The Naggar School operates three international art galleries exhibiting works by local and international artists, amongst them leading names as well as students and alumni.

The location of the school’s galleries, in the heart of Musrara neighborhood, between the east and the west of the city, affects their activities – which on the one hand, is aimed at exploring the local and immediate Israeli surrounding, and on the other hand, being a pluralistic and cosmopolitan environment, also aimed at exhibiting and researching in the international field.

The exhibitions presented in the fields of photography, video, new media, installation, animation and sound, are all products of research processes. The galleries provide an opportunity for artists and curators at the beginning of their artistic path, alongside renowned curators and esteemed artists.

Follow the attached links and join a virtual tour where you can wander through the various exhibitions of Musrara Galleries.

The Smoking Mountain

The Virtual Musrara Museum is an initiative of Musrara, The Naggar School of Art and Society, and Musrara Galleries to have an additional display space in the school’s historic building in the Musrara neighborhood. The museum is a unique platform for presenting contemporary exhibitions in a virtual architectural space based on the school’s historic building plan. The museum offers an interactive and independent wandering experience. The virtual exhibition Smoking Mountain presents photographs and video works documenting an exceptional meeting which took place in the winter of 2019–20. It now seems like a different time, right before the Corona virus altered our lives and our existence on this planet, and the possibilities for face-to-face encounters between people from different countries – let alone continents – were abruptly diminished. A team of five representatives from the Naggar School, we left Jerusalem for the United States on what we believed to be a formative journey of growth and change. We were to be hosted by Native American groups in Oregon and Washington, within the framework of the Communities Connecting Heritage (CCH) program, a remarkable international initiative dedicated to preserving the cultural legacies of endangered communities around the world and to forming connections among international organizations. The Naggar School was the first educational institution in Israel selected to participate in the CCH. On the American side, the meeting was arranged by Wisdom of the Elders, a Portland-based organization for the preservation the area’s Native American cultural traditions. Participants: Asaf Alboher, Kunu Bearchum, Tim Keenan Burgess, Shirly Goffer, Harvest Moon Howell, Avi Sabag, Chesga Jackson, Duane Lane, Yali Reichert, Dana Shahar LAWETLAT’LA – The Smoking Mountain Exhibition was created within the framework of “The Hero’s Journey of Transformation” project as part of Communities Connecting HeritageSM, a program sponsored by the U.S. Department of State with funding provided by the U.S. Government and administered by World Learning. Photo: Asaf Alboher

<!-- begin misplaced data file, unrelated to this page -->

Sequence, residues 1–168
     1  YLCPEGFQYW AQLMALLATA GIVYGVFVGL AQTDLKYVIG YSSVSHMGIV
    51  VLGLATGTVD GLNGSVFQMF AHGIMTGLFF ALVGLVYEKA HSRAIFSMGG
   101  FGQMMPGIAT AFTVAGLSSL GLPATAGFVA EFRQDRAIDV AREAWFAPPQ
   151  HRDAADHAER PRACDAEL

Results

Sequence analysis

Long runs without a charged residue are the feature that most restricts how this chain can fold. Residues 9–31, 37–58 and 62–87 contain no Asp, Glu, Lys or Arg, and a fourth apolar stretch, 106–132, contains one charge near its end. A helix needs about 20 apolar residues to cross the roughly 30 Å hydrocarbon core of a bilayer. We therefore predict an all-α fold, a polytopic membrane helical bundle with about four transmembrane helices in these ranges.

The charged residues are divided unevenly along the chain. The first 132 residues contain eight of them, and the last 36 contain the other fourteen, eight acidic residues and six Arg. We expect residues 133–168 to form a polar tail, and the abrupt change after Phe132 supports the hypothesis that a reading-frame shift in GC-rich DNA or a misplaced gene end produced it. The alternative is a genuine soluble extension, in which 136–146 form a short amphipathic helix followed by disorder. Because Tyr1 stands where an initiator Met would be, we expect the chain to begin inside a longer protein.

The body alone

The Social Gallery
The exhibition “The Body Alone” observes the body as it emerged during the so-called “ongoing COVID-19 crisis.” As per an emergency call issued by the government and health authorities, in the name of public order and preservation of public health, the human body was requested to self-isolate, shut itself in, shelter at home, resulting in uncanny anxieties. The exhibition spans sculptural and cinematic works alongside archival materials from the history of photography which correspond with texts by philosophers and psychoanalysts written during Corona virus times, in an attempt to lend meaning to the body in this period. Curator: Ori Drumer Artists: Chen Cohen, Aya Zaiger, Ernesto Levy, Liat Livni, Mia Gourvitch, Hadas Ophrat, Tova Lotan Image: Hadas Ophrat

Urban vegetation and wild thorns

Morel Derfler Gallery
In the annual exhibition in memory of artist Morel Derfler (1956–2001), the participating artists correspond with works from his series of photographs Urban Vegetation created almost four decades ago—responding to his attempt to create “forced nature” from rootless branches he photographed on the roof of his house. They observe the outside from their domestic interiors, examining the power relations and reciprocities between man and the surrounding nature in various ways. At times, nature infiltrates and invades the work; at others, it is the work of art that spawns it. Curator: Almog Gez Artists: Boaz Aharonovitch, Davi Barell, Neta Cones, Yuval Naor, Yali Reichert, Gustavo Sagorsky, Yaron Rosner, Maya Zehavi Image: Boaz Aharonovitch

Natural Glitch

The New Gallery
The exhibition “Natural Glitch” addresses the desire to document and preserve the outside world, which we call “nature,” and the failure to realize that passion. The participating artists propose different ways to frame outdoor nature and introduce it indoors, but their attempt to fixate the external world encounters countless obstacles, and the resulting images are all distorted, whether blinded by the light of the photographic flash, gnawed upon by fungi, turned upside down, or broken. The exhibition examines the attempt to represent nature through the very failure of the act of representation. At no pointed are viewers lured by the illusion which programs such as Planet Earth attempt to create, since the works present things as they are. Curator: Michal BarOr Artists: Dana Levy, Maya Perry, Avishai Platek, Hadas Satt, Miri Segal Image: Avishai Platek